Georgia Institute of Technology

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Georgia Institute of Technology articles

Displaying 1 - 20 of 20

3D printers could pose an air quality risk

3D printers could pose an air quality risk
Consumer oriented 3D printers could show up on many Christmas wish lists this year, but purchasers should be aware of recent research conducted at Georgia Institute of Technology that highlights how the popular low cost devices could pose a health risk by harming indoor air quality.
22nd November 2018

The mystifying physics of paint-on semiconductors

The mystifying physics of paint-on semiconductors
  Some novel materials that sound too good to be true turn out to be true and good. An emergent class of semiconductors, which could affordably light up our future with nuanced colors emanating from lasers, lamps, and even window glass, could be the latest example. These materials are very radiant, easy to process from solution, and energy-efficient.
19th March 2018

Ceramic pump moves molten metal at a record 1,400ºC

Ceramic pump moves molten metal at a record 1,400ºC
  A ceramic-based mechanical pump able to operate at record temperatures of more than 1,400ºC (1,673K) can transfer high temperature liquids such as molten tin, enabling a new generation of energy conversion and storage systems.
12th October 2017


Method safely produces colour-changing shear films

Method safely produces colour-changing shear films
Anyone who has a rear-view mirror that automatically dims blue in reaction to annoying high-beam headlights glaring from behind has seen an electrochromic film in action. Now, chemists at the Georgia Institute of Technology have developed a new method to more safely and, by extension, easily produce these shear films, which change their colour with the help of a tiny electric current. This could make them available to many industries that have not been able to feasibly use them before.
18th August 2017

3D printed objects capable of dramatic shape change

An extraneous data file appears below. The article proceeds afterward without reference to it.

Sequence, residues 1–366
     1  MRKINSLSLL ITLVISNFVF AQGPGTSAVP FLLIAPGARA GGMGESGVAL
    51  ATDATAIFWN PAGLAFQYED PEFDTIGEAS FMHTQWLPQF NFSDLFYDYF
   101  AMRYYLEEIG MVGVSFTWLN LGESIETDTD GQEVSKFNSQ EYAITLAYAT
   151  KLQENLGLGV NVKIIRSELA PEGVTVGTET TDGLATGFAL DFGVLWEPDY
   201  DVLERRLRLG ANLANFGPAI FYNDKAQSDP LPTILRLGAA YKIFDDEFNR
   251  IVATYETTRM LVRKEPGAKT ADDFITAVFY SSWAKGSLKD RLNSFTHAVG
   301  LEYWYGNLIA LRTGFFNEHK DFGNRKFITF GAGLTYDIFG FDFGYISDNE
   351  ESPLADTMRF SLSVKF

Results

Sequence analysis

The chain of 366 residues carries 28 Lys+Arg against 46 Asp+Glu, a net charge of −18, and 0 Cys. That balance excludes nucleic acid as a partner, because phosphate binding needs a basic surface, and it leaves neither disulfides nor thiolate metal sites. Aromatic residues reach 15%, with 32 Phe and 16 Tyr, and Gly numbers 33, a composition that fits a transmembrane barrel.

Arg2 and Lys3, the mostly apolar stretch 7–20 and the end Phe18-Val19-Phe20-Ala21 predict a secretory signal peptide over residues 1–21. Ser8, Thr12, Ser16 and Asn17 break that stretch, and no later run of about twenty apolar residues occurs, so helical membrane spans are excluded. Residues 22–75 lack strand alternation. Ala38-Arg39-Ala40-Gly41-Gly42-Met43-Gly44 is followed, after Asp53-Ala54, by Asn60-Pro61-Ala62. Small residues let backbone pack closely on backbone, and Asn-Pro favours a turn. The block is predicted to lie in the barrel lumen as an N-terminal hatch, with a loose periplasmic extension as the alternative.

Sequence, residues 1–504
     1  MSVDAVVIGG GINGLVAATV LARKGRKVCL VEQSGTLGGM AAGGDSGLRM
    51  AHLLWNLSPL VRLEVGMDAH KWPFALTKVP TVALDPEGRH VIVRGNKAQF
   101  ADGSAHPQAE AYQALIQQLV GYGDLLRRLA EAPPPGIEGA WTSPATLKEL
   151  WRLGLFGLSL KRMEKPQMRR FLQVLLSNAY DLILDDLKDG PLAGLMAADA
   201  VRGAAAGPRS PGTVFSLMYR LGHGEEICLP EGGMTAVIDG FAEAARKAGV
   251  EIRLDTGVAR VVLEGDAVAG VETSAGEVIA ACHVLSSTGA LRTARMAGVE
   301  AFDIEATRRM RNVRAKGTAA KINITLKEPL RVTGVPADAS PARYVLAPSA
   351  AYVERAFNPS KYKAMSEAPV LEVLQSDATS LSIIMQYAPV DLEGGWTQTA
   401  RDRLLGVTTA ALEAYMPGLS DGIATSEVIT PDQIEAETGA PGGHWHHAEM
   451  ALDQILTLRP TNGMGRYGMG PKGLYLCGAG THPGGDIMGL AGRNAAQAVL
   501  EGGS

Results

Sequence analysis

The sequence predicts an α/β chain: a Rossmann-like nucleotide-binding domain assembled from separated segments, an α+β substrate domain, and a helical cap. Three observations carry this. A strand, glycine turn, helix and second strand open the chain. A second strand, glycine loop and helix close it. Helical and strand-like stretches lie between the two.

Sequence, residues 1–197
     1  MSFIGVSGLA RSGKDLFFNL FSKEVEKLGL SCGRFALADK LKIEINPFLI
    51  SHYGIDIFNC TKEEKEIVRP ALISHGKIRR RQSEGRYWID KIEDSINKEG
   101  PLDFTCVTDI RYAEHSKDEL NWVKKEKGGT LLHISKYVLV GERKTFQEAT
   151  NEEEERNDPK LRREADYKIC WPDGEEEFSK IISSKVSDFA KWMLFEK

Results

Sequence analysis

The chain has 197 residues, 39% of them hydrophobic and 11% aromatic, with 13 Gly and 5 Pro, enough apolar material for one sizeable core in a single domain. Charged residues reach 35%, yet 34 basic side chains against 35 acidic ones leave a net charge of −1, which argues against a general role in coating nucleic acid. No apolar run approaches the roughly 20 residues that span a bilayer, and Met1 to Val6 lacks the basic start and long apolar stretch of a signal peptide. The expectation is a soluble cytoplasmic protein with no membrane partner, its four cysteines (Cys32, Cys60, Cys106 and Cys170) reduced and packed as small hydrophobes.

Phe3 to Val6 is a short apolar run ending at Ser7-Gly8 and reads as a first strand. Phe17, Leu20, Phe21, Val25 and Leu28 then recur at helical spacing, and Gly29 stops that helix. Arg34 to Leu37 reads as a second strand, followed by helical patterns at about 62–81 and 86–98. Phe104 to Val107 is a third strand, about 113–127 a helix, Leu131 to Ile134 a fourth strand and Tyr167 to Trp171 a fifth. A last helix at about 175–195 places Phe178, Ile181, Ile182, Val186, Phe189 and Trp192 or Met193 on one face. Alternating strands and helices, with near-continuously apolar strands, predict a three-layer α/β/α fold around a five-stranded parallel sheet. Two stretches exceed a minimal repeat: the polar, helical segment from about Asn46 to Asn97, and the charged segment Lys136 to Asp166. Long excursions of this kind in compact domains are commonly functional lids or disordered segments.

3D printed objects capable of dramatic shape change
A team of researchers from the Georgia Institute of Technology has developed a way to use 3D printers to create objects capable of expanding dramatically that could someday be used in applications ranging from space missions to biomedical devices. The new objects use tensegrity, a structural system of floating rods in compression and cables in continuous tension. The researchers fabricated the struts from shape memory polymers that unfold when heated.
14th June 2017

Step-by-step process makes graphene from ethene

Step-by-step process makes graphene from ethene
An international team of scientists has developed a new way to produce single-layer graphene from a simple precursor: ethene – also known as ethylene – the smallest alkene molecule, which contains just two atoms of carbon. By heating the ethene in stages to a temperature of slightly more than 700ºC - hotter than had been attempted before – the researchers produced pure layers of graphene on a rhodium catalyst substrate.
5th May 2017

Surprising twist in confined liquid crystals

Surprising twist in confined liquid crystals
Researchers at Georgia Institute of Technology have found a material used for decades to colour food items ranging from corn chips to ice creams could potentially have uses far beyond food dyes. In a study published in the journal Proceedings of the National Academy of Sciences, the researchers described how a class of water soluble liquid crystals, called lyotropic chromonic liquid crystals, exhibited unexpected characteristics that could be harnessed for use in sensors and other potential applications.
27th March 2017

Understanding what’s happening inside liquid droplets

Understanding what’s happening inside liquid droplets
For most people, the drip, drip, drip of a leaking faucet would be an annoyance. But for Georgia Institute of Technology Ph.D. candidate Alexandros Fragkopoulos, what happens inside droplets is the stuff of serious science. In the laboratory of Alberto Fernandez-Nieves in Georgia Tech’s School of Physics, Fragkopoulos is studying how toroidal droplets – which initially take the shape of a donut – evolve into spherical droplets by collapsing into themselves or breaking up into smaller droplets.
8th March 2017

Developing more efficient molecular separations

Developing more efficient molecular separations
Chemical separation processes account for as much as 15% of the world’s total energy consumption. Development of next-generation molecularly-selective synthetic membranes will be among the drivers for more efficient, large-scale separation processes that could dramatically reduce that number. In a paper published in the journal Nature Materials, researchers from the Georgia Institute of Technology identified the opportunities they see ahead for scalable membrane materials based on rigid, engineered pore structures.
26th January 2017

Low-cost technique converts bulk alloys to oxide nanowires

Low-cost technique converts bulk alloys to oxide nanowires
A simple technique for producing oxide nanowires directly from bulk materials could dramatically lower the cost of producing the 1D nanostructures. That could open the door for a broad range of uses in lightweight structural composites, advanced sensors, electronic devices – and thermally-stable and strong battery membranes able to withstand temperatures of more than 1,000ºC.
20th January 2017

3D Printing could improve valve replacement procedures